2015 GSA Annual Meeting in Baltimore, Maryland, USA (1-4 November 2015)

Paper No. 284-6
Presentation Time: 9:30 AM


FANG, Yuheng, State Key Laboratory of Biogeology and Environmental Geology, NO. 388. Luomo Road., Wuhan, 430074, China, yuhengfang@foxmail.com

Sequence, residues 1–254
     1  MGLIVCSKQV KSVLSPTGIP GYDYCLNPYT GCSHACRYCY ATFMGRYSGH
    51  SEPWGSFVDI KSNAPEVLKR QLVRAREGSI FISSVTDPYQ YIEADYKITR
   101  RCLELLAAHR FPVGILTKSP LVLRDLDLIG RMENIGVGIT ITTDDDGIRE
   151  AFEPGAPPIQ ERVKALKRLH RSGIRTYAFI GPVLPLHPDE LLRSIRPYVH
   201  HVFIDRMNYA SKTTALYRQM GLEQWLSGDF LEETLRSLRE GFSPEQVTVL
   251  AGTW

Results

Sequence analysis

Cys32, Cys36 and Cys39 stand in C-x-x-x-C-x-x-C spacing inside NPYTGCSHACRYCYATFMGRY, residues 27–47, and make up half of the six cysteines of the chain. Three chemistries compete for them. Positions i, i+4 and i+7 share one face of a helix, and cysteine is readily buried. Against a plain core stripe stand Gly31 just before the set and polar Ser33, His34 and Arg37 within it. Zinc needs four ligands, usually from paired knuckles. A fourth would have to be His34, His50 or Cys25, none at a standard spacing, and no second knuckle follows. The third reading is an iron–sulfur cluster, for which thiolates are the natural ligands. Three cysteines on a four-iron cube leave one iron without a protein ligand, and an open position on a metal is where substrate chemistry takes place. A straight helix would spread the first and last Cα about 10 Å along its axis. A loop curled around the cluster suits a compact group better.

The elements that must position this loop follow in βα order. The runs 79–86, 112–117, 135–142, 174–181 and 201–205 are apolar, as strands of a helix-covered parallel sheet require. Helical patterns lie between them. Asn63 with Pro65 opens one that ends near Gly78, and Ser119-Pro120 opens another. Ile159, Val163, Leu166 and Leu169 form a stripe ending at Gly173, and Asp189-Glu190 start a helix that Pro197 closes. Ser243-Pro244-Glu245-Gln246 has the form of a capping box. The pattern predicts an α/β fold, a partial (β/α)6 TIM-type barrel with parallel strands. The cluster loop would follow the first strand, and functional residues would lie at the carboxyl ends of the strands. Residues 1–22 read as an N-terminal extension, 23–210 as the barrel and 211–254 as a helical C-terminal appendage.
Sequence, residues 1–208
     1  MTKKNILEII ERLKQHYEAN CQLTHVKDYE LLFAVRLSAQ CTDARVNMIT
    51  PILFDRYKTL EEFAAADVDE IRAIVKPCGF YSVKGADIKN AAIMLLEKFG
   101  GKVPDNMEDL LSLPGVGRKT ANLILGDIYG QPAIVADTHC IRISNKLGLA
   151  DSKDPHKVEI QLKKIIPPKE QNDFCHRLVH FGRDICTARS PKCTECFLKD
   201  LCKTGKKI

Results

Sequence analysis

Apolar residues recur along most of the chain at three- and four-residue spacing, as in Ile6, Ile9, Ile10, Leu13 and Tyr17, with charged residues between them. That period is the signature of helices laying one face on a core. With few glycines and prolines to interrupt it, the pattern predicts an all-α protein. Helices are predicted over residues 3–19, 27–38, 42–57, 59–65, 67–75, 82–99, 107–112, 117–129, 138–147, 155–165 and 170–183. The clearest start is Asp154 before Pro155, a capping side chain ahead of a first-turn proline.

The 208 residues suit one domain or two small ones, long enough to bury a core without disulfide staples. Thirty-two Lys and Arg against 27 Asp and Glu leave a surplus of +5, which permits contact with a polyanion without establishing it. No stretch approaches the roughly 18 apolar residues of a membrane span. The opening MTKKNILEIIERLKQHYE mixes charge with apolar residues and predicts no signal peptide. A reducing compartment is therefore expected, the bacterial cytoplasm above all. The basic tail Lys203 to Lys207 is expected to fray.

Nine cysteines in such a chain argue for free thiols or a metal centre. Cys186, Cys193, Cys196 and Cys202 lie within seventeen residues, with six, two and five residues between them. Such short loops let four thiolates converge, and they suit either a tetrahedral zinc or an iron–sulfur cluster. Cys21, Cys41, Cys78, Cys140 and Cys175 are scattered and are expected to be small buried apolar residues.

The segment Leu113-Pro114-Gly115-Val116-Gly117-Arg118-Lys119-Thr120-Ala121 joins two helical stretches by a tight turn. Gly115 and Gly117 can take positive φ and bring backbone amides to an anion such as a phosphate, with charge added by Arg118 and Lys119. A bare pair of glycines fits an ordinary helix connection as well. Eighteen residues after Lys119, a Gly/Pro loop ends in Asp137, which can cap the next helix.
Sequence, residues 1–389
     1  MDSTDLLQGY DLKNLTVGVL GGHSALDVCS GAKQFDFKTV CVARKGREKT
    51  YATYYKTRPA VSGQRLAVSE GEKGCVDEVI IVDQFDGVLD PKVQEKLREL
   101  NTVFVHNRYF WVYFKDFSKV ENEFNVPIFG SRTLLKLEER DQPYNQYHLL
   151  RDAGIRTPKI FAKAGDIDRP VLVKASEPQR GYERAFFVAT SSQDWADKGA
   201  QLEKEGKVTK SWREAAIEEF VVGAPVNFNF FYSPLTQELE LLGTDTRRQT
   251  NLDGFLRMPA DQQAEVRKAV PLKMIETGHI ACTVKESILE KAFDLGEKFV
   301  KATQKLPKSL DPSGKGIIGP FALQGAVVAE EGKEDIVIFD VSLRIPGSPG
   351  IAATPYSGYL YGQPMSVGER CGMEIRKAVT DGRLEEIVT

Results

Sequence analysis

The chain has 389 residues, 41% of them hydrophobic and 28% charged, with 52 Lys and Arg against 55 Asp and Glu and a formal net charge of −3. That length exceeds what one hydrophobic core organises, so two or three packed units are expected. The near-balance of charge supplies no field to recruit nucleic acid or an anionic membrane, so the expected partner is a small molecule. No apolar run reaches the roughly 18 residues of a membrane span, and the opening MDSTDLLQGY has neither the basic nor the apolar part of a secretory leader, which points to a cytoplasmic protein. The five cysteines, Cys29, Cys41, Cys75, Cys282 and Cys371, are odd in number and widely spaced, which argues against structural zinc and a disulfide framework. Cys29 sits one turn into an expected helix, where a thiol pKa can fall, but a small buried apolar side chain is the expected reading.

Unusual microbialite deposits are widely distributed in shallow platform facies Permian-Triassic boundary (PTB) beds, particularly within the Palaeo-Tethys region. However, the genesis of these PTB microbialites still remains enigmatic despite intense study and the association of widespread microbialites with the PTB mass extinction. Herein we present a new example of microbialites from the PTB beds of the Yudongzi section, which is situated along the northwestern margin of the Upper Yangtze Platform of the South China Block. The Yudongzi microbialites are mainly bedded or have a dendritic morphology. Bedded microbialite is characterized by undulating laminated structures, and various amalgamated and layered clots. Dendritic microbialite is bush-like in longitudinal section and formed by clots distributed in an arched arrangement characterized by abundant branching dendroids, which are enclosed in micrite with some shell debris. Abundant microproblematic calcimicrobe structures, preliminarily identified as Gakhumella, are preserved in dark colored, laminated areas of the dendritic microbialite. Each “Gakhumella” individual has densely arranged segments, which form a columnar- to fan-shaped structure. Single segments are arch-shaped and form a thin chamber between segments. “Gakhumella” individuals in the dendritic microbialites are slightly different from each other, but are readily distinguished from the “Gakhumella”- and Renalcis-like calcimicroalgae reported from other PTB microbialites elsewhere in South China, in that they are smaller in size, have columns that do not branch and are made up of densely arranged, arch-shaped segments. Coccoidal aggregates are also observed in the dendritic microbialites, and are suggestive of a biogenetic origin for the Yudongzi microbialites. The PTB microbialites are capped by massive oolite beds that yield giant ooids, implying that the demise of the Yudongzi microbialites may be due to destruction by strong wave currents in high energy habitats.